Founder and CEO at Demodesk
FFM-Team: You worked in the consulting sector for a long time, but also gained some experience at Outfittery. What motivated you to start your own business and what do you do at Demodesk?
Veronika: Actually, even before I worked in the consulting sector, I knew that what I really wanted to do was help set up a software company – either as a founder or an early employee. I derive enormous amounts of energy from creating things and for me software is the most exciting industry there is.
I then met my co-founder who came up with the idea of developing a new way of screen sharing. Our intelligent meeting tool for customer interaction helps companies to make their processes more efficient. Our solution is entirely web-based and allows you to share specific content with someone via a virtual display.
FFM-Team: You have recently raised capital: How did you go about this and how do you present your startup to potential investors?
Veronika: That’s right, we successfully completed a financing round some time ago. We participated in the Y Combinator program in Silicon Valley from early January to March 2019 and did our seed round right afterwards. That was without doubt a very special opportunity because at the Y Combinator Demo Day you present your company to virtually all the key investors in the Valley. So the process is really focused and it is a fantastic opportunity. In your pitch you should focus on the three most important messages. That’s all anyone can really take in – even in other talks. In our case, we focused on our unique screen sharing technology, the market potential, and our traction, i.e. the customers already acquired.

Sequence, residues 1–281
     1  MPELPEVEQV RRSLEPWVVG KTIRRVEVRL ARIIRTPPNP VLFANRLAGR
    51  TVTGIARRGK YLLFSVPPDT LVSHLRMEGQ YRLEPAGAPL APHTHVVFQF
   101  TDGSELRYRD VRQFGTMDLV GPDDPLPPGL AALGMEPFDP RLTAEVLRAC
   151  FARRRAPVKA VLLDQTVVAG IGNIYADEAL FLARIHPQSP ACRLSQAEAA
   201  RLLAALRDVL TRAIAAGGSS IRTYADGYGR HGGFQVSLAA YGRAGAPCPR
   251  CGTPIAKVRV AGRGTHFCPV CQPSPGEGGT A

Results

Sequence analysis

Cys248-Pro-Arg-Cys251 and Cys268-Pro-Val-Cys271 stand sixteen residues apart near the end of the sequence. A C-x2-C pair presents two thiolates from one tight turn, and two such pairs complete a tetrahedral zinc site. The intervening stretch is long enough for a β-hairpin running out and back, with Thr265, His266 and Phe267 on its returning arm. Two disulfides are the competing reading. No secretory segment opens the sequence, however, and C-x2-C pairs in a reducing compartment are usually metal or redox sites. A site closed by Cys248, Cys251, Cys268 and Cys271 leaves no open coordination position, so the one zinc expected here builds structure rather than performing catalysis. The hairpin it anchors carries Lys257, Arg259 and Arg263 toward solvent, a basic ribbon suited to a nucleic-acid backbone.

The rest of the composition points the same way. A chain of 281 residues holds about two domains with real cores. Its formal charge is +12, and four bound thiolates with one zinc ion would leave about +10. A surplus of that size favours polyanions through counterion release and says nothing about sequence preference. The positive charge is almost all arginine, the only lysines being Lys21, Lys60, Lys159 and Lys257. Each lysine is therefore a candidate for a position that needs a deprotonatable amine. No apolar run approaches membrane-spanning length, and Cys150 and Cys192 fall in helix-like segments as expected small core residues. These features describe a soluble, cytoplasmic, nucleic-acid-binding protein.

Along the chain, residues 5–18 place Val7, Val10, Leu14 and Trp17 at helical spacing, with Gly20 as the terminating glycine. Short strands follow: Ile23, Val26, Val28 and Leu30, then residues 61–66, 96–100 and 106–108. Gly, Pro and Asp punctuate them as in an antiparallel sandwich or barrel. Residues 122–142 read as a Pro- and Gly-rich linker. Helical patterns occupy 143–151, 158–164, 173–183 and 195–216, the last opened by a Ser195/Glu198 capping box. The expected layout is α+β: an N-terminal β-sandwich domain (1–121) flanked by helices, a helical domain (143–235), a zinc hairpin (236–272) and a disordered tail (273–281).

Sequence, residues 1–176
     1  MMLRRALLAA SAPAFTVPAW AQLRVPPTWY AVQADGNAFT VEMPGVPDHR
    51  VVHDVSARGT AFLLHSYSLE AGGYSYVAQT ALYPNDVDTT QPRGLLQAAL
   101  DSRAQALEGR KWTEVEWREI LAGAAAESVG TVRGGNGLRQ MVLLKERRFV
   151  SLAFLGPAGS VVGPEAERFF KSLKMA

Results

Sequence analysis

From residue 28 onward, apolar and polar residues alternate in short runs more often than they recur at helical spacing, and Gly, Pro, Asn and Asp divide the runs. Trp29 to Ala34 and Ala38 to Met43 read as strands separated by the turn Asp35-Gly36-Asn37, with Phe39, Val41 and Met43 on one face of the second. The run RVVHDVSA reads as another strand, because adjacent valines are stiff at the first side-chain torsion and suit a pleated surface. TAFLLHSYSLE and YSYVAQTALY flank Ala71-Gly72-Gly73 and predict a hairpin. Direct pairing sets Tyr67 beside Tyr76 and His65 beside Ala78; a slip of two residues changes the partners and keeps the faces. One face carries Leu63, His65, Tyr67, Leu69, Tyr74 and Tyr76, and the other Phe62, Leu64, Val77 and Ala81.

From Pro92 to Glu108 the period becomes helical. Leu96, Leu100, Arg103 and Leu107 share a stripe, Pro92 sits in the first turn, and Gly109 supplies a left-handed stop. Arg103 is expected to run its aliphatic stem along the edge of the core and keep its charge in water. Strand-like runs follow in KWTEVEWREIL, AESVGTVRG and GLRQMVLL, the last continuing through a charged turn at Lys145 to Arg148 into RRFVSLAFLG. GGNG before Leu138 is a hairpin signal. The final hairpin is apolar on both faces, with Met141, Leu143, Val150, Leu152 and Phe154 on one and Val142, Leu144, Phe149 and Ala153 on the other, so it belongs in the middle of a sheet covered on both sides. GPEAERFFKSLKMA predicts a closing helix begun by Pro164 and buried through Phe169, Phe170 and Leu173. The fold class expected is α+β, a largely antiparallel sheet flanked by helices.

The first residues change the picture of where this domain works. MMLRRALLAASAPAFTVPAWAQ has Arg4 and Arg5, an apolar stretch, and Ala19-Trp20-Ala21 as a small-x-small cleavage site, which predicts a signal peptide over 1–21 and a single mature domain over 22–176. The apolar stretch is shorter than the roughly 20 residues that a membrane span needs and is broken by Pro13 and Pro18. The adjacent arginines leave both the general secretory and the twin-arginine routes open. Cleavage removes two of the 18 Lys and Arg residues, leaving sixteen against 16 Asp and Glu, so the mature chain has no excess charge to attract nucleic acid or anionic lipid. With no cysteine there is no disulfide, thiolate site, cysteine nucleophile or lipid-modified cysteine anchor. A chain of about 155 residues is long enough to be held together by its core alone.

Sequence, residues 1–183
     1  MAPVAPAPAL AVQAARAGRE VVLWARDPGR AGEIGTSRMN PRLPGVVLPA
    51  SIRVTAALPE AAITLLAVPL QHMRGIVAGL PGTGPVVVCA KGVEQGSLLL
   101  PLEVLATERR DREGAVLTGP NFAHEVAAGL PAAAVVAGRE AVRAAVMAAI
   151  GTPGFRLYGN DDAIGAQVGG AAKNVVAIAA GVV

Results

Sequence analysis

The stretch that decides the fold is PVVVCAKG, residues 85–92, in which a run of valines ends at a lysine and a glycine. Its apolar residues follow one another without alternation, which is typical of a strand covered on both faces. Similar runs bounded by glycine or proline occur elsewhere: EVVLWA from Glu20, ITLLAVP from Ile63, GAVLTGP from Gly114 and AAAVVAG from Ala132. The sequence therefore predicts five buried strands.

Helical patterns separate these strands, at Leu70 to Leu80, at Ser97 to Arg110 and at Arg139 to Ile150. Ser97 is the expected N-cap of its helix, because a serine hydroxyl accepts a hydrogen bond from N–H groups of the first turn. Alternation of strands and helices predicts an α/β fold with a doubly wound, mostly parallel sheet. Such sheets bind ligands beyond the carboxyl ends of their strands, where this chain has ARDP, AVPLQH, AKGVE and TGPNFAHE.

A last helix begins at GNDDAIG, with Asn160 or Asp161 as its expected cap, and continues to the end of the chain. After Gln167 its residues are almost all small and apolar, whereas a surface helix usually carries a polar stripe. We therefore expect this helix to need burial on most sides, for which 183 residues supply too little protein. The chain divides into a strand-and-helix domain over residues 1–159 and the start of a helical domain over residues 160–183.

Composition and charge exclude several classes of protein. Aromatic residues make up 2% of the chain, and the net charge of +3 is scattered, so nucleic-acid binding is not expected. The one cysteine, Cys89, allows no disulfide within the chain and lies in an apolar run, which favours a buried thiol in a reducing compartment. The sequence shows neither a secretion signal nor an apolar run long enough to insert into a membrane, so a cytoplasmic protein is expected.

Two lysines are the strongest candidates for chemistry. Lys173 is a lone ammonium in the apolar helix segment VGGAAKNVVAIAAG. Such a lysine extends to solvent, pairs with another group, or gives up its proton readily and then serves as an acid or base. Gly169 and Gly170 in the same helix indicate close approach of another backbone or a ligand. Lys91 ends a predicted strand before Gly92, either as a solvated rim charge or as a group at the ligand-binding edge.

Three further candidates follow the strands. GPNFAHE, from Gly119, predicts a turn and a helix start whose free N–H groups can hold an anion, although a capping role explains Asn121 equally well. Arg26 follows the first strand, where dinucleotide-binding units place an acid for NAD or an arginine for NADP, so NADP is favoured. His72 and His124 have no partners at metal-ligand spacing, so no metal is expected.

FFM-Team: You just mentioned Y Combinator. What did you get out of the program and would you recommend other founders to apply?
Veronika: I would recommend it 100 percent. In my opinion, it’s the most helpful accelerator in the world if you‘re ready for the US market. During your time there, you learn to focus and can build up a fantastic network of potential clients and investors. Y Combinator branding also helps with new customer acquisition and recruiting.
FFM-Team: Female founders like you are still a rarity in Germany – they currently only account for 16% of startups. What do you see as the biggest challenges for women in the startup sector?
Veronika: I suspect that women tend to underestimate themselves more often and are
more risk-averse than men. In some cases they also communicate more cautiously. In addition, there are also fewer women with a background in technology and STEM subjects. Family is certainly also an important aspect. A lot of people start their businesses in their late 20s and this often coincides with family planning. As a mother, I know that it can work, but it is also a challenge.
FFM-Team: What would you wish for in the German startup ecosystem?
Veronika: I would like to see more willingness to take risks and for people in Germany to think big more often. While people in Germany are often very cautious, Americans are mainly interested in the size of the potential market. Overall, however, we also need greater acceptance of failure – especially in the early stages. Better networks must be created and better access to capital.